Reformation Day Celebrations Commence on Halloween
The Protestant Reformation began on this date nearly 500 years ago, and, in the stead of Halloween parties or trick-or-treating, some churches are hosting events to commemorate the influence of their Protestant patriarchs.
The Reformation began when Martin Luther posted his 95 Theses on the Castle Church door in Wittenberg, Germany on Oct. 31, 1517. The document challenged the doctrinal positions of the Roman Catholic Church ‚Äď specifically, the selling of indulgences and the authority of the Pope ‚Äď which Luther saw as unbiblical.
While many churches across the U.S. commemorated the Reformation during their services on Sunday, some are hosting additional celebrations today....
Jim Lincoln wrote: [irrelevant digression] ‚Ä¶ Why, Neil, I'm not the one that said, "they were Calvinists," It's quite obvious many were not--of the Mayflower crew and passengers ‚Ä¶ [more irrelevant digression]
Good thing you pointed out this obvious fact, Jim; some people might actually have thought I was comprehending the Mayflower's captain, crew, & rats under the term ‚ÄúCalvinists.‚ÄĚ
I know how much you love factual accuracy, & not telling historical fibs.
Why, Neil, of course I would have liked them to have been early day Dispensationalists! Perhaps the Plymouth Adventure would have turned out much better! (Not speaking of the movie, but the Mass. colony.) Why, Neil, I'm not the one that said, "they were Calvinists," It's quite obvious many were not--of the Mayflower crew and passengers (Go watch the movie. )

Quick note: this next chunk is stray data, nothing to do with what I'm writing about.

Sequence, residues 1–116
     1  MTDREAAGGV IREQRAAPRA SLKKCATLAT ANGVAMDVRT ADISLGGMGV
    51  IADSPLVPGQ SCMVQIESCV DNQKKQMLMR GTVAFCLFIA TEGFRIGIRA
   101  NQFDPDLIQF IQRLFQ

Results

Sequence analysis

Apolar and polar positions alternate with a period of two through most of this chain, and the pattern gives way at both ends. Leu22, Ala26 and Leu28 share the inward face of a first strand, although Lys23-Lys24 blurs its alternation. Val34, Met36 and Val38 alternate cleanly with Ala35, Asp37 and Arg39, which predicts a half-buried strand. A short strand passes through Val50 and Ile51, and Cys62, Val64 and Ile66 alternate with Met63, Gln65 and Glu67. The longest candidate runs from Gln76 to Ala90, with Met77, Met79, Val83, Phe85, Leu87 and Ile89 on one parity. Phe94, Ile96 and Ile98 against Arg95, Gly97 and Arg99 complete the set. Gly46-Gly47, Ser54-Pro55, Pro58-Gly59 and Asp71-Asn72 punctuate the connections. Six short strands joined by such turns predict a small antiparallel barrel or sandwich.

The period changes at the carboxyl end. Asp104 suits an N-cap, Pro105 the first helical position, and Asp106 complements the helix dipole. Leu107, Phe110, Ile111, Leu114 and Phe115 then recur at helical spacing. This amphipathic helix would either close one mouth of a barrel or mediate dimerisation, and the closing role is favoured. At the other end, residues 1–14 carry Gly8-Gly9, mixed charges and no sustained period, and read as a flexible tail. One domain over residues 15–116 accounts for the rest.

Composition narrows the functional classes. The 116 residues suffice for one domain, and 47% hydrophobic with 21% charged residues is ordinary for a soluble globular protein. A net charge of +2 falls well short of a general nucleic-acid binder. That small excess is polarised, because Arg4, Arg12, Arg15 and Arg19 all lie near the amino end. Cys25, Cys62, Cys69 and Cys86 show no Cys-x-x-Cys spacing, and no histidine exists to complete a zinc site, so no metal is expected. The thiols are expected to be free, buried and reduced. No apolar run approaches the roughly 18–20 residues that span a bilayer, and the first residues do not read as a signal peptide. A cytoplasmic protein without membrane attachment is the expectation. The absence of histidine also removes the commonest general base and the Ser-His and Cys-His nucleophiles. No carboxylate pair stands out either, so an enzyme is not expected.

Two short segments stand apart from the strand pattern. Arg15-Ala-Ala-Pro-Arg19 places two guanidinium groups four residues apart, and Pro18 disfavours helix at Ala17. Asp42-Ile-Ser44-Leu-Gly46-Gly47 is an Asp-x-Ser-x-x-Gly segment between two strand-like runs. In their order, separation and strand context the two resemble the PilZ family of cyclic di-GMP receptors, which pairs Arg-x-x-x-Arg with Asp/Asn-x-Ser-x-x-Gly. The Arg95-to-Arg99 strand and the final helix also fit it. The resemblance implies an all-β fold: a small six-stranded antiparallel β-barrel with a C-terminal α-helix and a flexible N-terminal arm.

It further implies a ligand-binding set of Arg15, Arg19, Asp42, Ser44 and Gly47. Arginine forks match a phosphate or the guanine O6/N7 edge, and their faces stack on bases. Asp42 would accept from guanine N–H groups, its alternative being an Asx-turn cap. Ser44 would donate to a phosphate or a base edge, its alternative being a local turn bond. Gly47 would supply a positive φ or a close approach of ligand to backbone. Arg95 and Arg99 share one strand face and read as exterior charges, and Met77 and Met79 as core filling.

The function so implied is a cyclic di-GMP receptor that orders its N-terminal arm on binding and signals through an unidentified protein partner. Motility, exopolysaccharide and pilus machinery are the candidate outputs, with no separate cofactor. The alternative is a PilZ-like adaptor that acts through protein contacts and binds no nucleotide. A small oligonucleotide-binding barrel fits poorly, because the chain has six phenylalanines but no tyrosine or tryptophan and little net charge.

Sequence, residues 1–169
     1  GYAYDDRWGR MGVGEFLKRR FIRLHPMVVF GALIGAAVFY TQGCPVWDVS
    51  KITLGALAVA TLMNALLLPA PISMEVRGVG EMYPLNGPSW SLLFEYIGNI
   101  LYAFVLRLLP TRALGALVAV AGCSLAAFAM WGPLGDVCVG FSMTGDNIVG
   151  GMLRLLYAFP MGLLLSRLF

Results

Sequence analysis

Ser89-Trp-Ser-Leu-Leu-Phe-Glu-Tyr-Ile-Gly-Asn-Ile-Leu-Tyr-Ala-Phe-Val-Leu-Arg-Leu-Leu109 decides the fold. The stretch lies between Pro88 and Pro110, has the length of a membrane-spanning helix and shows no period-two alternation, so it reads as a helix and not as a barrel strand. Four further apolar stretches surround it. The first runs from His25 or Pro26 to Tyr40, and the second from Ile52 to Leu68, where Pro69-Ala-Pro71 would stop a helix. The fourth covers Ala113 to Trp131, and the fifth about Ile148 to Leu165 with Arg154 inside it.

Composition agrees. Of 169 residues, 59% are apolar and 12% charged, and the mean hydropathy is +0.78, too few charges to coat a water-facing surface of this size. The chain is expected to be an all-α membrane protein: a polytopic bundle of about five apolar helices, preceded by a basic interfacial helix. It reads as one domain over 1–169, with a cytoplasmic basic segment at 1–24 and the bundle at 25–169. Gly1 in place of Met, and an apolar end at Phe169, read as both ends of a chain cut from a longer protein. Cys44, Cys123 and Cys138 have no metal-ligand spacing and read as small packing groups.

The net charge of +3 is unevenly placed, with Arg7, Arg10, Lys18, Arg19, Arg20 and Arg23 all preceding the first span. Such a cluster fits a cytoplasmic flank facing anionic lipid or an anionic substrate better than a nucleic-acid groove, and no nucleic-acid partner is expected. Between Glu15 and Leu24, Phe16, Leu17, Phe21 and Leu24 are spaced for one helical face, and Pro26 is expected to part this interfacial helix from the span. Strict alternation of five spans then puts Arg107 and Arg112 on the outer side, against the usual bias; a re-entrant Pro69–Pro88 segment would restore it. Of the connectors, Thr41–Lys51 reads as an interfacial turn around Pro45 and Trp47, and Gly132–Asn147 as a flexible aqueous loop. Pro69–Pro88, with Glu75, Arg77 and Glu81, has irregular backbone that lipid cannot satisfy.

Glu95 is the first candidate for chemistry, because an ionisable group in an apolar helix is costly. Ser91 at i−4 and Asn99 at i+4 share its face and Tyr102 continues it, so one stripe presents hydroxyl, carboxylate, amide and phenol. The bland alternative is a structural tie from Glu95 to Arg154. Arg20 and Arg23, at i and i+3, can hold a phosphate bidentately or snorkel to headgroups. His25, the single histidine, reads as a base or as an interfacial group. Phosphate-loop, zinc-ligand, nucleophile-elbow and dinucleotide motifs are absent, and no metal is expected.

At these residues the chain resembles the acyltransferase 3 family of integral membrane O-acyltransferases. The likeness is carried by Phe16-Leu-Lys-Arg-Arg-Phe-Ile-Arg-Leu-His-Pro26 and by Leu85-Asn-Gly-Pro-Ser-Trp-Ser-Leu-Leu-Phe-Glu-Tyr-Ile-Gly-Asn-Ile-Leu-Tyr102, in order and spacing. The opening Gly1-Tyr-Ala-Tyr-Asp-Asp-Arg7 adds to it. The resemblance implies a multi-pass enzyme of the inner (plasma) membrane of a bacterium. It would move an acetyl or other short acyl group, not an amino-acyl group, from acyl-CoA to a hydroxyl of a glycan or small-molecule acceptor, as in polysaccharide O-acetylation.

Jim Lincoln wrote: Sad to say, Neil, the Pilgrims were a mixed bag. ‚Ä¶ Probably not completely historically accurate [then why bring it up? ‚Äď N], ‚Ä¶ should take the incident out of the textbook category. Of course the Puritan experiment was a failure,
Why is it ‚Äúsad to say‚ÄĚ¬†that not all the passengers on the Mayflower were Separatists? I thought you liked religious pluralism. And it certainly wasn't sad for the ship's owners.
If you think you're showing me up with such impertinent quibbles, you're failing miserably.
Remember Luther wanted to reform the church from within, he was confident that if he could get word to the Pope about the unbiblical practices of the church that he would be moved to act. But the Pope was implicit, to Luther's shock. He felt betrayed. Luther stood up for what was right. The whole point of the reformation was to get back to the scriptures. Think about it, one man stood up against an entire organization, and accomplished this feat. That is even more miraculous than the six day war. The roman church is not a Christian church.
homeschooler wrote: History some hope you never learn http://www.youtube.com/watch?v=nVHXEyqIGOA&list=PLCA361FC03A2D3784&index=1&feature=plpp_video
Having looked it up, I'm not sure the Cross of St. George (the red cross on the Union Flag) is in fact symbolic of the papacy. And I doubt even more than many Englishmen were aware of it, then & now. Endicott, like the Pharisees of old, made too much ado over a mere symbol.
If it's whitewashed history you want, consider the Mayflower people. Their full story is not only untaught by gov't schools, I think it is equally untaught in most churches & church schools, sinced 1) they were Calvinists, which is a scandal to most churches today, & 2) their strong objections to Anglican rites as idolatrous makes no sense to modern evangelicals inured to this in worship.
It was not Catholicism that brought this on, though I do agree that Catholics, & more particularly their official Thomistic philosophy & leftist Social Teaching, have an outsized influence in America (& Europe), for over a century going. It would be more accurate to call America a Catholic nation than a Christian one, for no other single organization has equiv. influence.